Breathing British Air

At long last I'm breathing British air and getting psyched for tomorrow's Drupal Commerce training. I lived in the UK for four years as a child but only have vague memories of a nanny and getting AG Bear and My Buddy for Christmas. I didn't come back with a nanny, but I did bring along my wife to help take care of me and my daughter to carry the dolls. We spent a few days in Paris recovering from jetlag, ringing in our fifth year of marriage, and finalizing training arrangements before riding the Eurostar to London with the rest of the team this afternoon.

We'll have a total of fourteen Commerce Guys at DrupalCon London, meaning we'll have plenty of people on hand to talk about Drupal Commerce. In addition to tomorrow's training, we'll be presenting / discussing the Commerce modules and contribs in BoF sessions throughout the week. To see the line-up, check the BoF schedule under Room 334. If we can record or screen capture anything from these, they'll end up on the Commerce Guys Vimeo channel.

I'm looking forward to the Developing with Drupal Commerce session on Thursday, because it will be me first go at leading a panel discussion instead of introducing all things Drupal Commerce in a solo, hand-waving, water-guzzling presentation.

I'll be joined by several other developers and business owners who have been bidding on and building Drupal Commerce sites since the alpha and beta releases. We're now gearing up for a 1.0 release thanks to the hard work and contributions of everyone on the panel. It should be valuable and entertaining to hear them talk about what it's like to develop with Drupal Commerce and how the core modules have evolved since they've been working with them.

Last but not least, for everyone who doesn't care a lick about e-commerce but likes Indian food, I have discovered the best Indian place in Croydon. Look no further than The Spicy Affair for a fair-priced, keenly seasoned meal (with a surprisingly kid friendly wait staff!). That's probably the most controversial statement I made in this blog post, and I can't defend it as though I'm some sort of connoisseur. If you know a better place, feel free to link it in. Otherwise I'll see you there.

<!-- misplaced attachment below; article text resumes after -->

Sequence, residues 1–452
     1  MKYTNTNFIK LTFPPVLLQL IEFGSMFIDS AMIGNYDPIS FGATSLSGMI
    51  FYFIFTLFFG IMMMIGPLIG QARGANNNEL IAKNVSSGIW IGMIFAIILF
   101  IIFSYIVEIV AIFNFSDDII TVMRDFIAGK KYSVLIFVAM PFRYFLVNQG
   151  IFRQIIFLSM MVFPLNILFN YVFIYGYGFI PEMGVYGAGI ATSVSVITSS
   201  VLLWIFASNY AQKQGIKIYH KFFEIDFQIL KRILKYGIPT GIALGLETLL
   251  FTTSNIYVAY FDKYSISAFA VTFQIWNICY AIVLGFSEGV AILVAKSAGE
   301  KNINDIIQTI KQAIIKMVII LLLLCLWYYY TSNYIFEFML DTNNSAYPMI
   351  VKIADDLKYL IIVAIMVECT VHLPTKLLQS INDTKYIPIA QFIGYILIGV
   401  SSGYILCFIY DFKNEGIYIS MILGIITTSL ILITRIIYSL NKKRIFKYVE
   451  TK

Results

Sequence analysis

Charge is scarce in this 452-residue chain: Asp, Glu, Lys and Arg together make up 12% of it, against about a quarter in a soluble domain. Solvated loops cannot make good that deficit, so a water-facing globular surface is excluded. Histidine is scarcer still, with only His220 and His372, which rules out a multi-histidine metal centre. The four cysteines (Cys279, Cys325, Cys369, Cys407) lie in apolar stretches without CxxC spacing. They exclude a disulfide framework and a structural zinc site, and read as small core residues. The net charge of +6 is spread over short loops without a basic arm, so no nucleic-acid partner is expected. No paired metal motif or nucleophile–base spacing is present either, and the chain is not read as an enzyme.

Using containers as #states enabled markup form elements

As part of the sprint we're holding in Paris right now to introduce new Commerce Guys to Drupal Commerce development, we devised a situation where we wanted a conditionally available message on the checkout form. We decided for a shipping scenario that we wanted to present a message to the user regarding shipping costs inline with the address form if the customer selected a shipping address outside of the free shipping country of the store.

Adding a random text message to a form is trivial. You can just add a markup element to the form, using a div tag to make sure it ends up in a fieldset if necessary:

<?php
$form
['message'] = array(
 
'#markup' => t('What a wonderful message!'),
);
?>

Additionally, adding a #states array that includes the instruction to hide a form element on the basis of a select list's value is trivial:

<?php
$form
['message'] = array(
 
'#markup' => t('What a wonderful message!'),
 
'#states' => array(
   
'invisible' => array(
     
':input[name="select_list_name"]' => array('value' => 'US'),
    ),
  ),
);
?>

Unless I botched my pseudo code, that #states array should instruct the Form API to include JavaScript to hide the element when the select list I specified has a value of US. Unfortunately, that code won't work. Shocked

The problem is that the JavaScript that hides the element depends on the element's ID to target the behavior, and a markup element by default gets no wrapping. This means you can't directly put a #states array on a markup element in general. You do have a few options to work around this, and I'll end with what we went with in our case... you can tell me if we're crazy. Sticking out tongue

  1. You could just hardcode a div wrapper that includes the ID and the form-wrapper class Drupal expects, but I can't say that I'd recommend it. Names change quite frequently during development and can easily be altered.